Today is a national holiday in the United States honoring slain civil rights leader Martin Luther King, Jr. Congressman John Conyers and Representative Shirley Chisholm are responsible for introducing the bill that President Ronald Reagan signed into law in 1983. Although Dr. King’s birthday is January 15, the holiday is always observed on the third Monday of January.
M. L. King is remembered for his tireless work in the area of civil rights. The peaceful marches. The fiery speeches. His untimely death. And, of course, his great “I Have a Dream” speech, delivered in August of 1963 from the steps of the Lincoln memorial. In that passionate speech Dr. King challenged us with these words.
“I have a dream that my four little children will one day live in a nation where they will not be judged by the color of their skin but by the content of their character.”
Our word of the week is “character.”
English translations of the Bible don’t use the word character very often. Ruth, in the Old Testament, is called a woman of “noble character” (Ruth 3:11). Paul wrote that “endurance develops strength of character” (Rom. 5:4). And Timothy is spoken of as a young man with “proven character” (Phil 2:2).
The Bible warns us against things that can undermine Christian character. Paul writes that “bad company corrupts good character” (1 Cor. 15:3) The Hebrew writer admonishes, “Make sure that your character is free from the love of money, being content with what you have (Heb. 13:5). And the wise man warns against dishonesty because it will “ruin your character” (Eccl. 7:7).
By definition character is “the aggregate of features and traits that form the individual nature of some person or thing.” Character has to with moral and ethical qualities. Reputation. Behavior. And integrity.
The wise man wrote “A good name is rather to be chosen than riches, and loving favor than silver and gold.” (Prov 22:1). This speaks to the character of a person.
Character is the foundation of all other qualities. Goodness. Virtue. Honesty. Courage. Purity. All of these and more are the fruit produced from the root of character. They are the handiwork of thoughts, influences, and relationships. The wise man wrote, “As he thinks in his heart so is he” (Prov 23:7).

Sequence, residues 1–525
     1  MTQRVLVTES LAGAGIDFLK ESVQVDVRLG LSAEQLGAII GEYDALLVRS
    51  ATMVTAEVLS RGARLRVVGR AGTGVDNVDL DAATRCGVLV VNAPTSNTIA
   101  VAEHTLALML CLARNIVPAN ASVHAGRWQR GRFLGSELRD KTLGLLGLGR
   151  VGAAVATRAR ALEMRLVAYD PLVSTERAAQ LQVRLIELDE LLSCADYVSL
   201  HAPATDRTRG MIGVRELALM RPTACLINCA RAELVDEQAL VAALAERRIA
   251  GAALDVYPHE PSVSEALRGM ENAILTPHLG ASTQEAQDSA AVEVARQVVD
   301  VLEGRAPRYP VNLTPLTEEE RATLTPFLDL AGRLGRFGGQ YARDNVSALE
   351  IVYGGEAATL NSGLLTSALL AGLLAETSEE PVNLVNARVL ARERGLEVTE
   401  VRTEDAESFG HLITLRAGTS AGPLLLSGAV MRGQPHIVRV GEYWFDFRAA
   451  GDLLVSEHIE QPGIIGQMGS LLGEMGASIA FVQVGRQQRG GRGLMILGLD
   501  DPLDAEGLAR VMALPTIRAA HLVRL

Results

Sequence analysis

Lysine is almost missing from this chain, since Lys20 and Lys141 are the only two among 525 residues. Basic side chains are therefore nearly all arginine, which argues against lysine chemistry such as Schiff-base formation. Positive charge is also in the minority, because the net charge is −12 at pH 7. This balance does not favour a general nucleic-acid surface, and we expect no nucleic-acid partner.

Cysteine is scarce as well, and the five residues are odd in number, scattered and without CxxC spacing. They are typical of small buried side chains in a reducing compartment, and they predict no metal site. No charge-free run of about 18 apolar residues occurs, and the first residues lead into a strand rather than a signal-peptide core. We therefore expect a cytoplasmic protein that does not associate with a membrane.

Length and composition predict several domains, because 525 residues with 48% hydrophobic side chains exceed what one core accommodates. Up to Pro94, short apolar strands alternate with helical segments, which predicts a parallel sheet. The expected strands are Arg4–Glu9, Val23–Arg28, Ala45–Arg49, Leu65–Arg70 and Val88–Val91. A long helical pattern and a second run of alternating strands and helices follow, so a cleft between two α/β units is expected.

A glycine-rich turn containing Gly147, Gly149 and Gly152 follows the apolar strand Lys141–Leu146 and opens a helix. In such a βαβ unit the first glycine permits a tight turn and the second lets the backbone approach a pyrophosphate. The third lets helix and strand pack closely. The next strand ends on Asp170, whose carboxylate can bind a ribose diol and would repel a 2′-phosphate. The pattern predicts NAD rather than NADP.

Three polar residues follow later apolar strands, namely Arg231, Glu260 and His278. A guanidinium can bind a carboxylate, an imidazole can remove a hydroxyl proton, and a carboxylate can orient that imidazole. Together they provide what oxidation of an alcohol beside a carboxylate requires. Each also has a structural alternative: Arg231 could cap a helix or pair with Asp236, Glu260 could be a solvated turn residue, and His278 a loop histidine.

Jesus’ Mountain Message is all about developing godly character. (Matt 5-7). In it he emphasized the importance of our attitudes, not just our actions. That thought and motive speak to the heart of a person. It’s not enough to refrain from adultery, we must not lust. While murder is reprehensible, hatred in one’s heart is also wrong. And love must go beyond those that love us to even loving our enemies. That’s character.
Character is doing the right thing for the right reason. It is based in deep convictions. It is monitored by conscience and personal accountability. And it is maintained by self-discipline. Dee Bowman was right when he wrote “To conquer yourself is likely the greatest and most important challenge in life because until you truly own yourself, you can’t give yourself to Christ.” That’s character.
As we work to develop a Christ-like character, this mean to treats others with respect, kindness and courtesy. Let us not judge others by their race, ethnicity or skin color. Neither let us label others based on their social status, economic condition, or political affiliation.
Remember, our reputation is what others think we are. But character is what God knows we are.
–Ken Weliever, The Preacherman